Whatever the statistics, too many organizational change initiatives fail to deliver on their promise. While at times it is the solution that is flawed, more often it is the execution. There are two sets of key players accountable for successful execution: those of us who are change practitioners, and the leaders that we serve. And one way in which we should be serving our leadership is by making the case for change leadership development.
In The Critical Role of Leadership Development During Organizational Change, Forbes contributor Brent Gleeson provides several insights into why leadership development during change is so critical, and the benefits that such training can deliver. He identified the following as among the critical challenges that leaders face during major change.
- “Leadership alignment (or misalignment) on exactly how to execute our change mission
- “Clearly articulating the changes needed across the organization
- “Emotionally connecting the team to our renewed mission narrative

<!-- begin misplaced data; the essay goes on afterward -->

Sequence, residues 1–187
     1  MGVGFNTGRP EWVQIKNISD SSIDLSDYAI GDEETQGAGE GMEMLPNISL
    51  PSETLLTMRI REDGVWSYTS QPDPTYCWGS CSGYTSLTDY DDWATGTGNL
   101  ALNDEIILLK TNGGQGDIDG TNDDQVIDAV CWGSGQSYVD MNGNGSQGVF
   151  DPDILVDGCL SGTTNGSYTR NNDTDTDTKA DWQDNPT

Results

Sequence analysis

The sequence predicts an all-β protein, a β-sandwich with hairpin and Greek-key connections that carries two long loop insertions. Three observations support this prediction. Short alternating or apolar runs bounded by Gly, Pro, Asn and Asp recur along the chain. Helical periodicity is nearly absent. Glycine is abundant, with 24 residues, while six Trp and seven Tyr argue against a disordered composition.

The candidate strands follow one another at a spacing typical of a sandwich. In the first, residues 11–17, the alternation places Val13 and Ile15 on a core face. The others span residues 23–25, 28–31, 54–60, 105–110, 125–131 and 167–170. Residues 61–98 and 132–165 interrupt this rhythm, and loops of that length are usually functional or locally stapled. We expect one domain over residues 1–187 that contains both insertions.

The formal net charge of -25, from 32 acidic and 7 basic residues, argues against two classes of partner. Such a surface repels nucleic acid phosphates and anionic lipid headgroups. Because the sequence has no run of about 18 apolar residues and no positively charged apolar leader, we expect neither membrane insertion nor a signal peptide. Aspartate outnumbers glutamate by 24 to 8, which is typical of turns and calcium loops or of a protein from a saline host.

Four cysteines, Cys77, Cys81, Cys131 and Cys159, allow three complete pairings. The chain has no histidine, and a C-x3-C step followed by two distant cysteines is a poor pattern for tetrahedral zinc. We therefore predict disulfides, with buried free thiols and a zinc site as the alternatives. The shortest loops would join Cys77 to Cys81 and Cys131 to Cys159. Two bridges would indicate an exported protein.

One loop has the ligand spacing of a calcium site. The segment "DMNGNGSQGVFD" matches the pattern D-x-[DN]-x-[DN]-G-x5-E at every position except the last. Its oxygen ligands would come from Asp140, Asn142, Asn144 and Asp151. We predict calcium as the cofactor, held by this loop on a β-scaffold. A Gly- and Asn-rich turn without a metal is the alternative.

- “Underdeveloped middle managers (and some senior leaders!)
- “Managing fear, fatigue and conflict as unforeseen issues arise
- “Leading teams through various specific changes related to the larger transition
- “Maintaining trust and accountability
- “Handling all aspects related to maintaining (or improving) culture during the transformation”
I would add a few more.
- Leaders continuing the same leadership practices that have served them well during relative stability, despite the fact that major change calls for different, sometimes counter-intuitive behaviors
- “Type-A” behavior, including: jumping into action before the right pieces are in place; acting in an aggressive manner; failing to own mistakes and to learn from them; and believing that people should be able to successfully do whatever is required to execute the change while continuing to perform their jobs at the same level of productivity and quality
- Relying solely on the typical project management metrics of time and budget to track progress toward delivering on the promised benefits of the change
If the changes you are supporting show any of these risks, now is the time to speak up. It may mean a difficult conversation with the change team lead, or with the leader(s) you are supporting. But by “playing it safe” for your own career, you are putting the organizational change, the leader’s reputation and your own, and whatever it is intended to deliver at risk.
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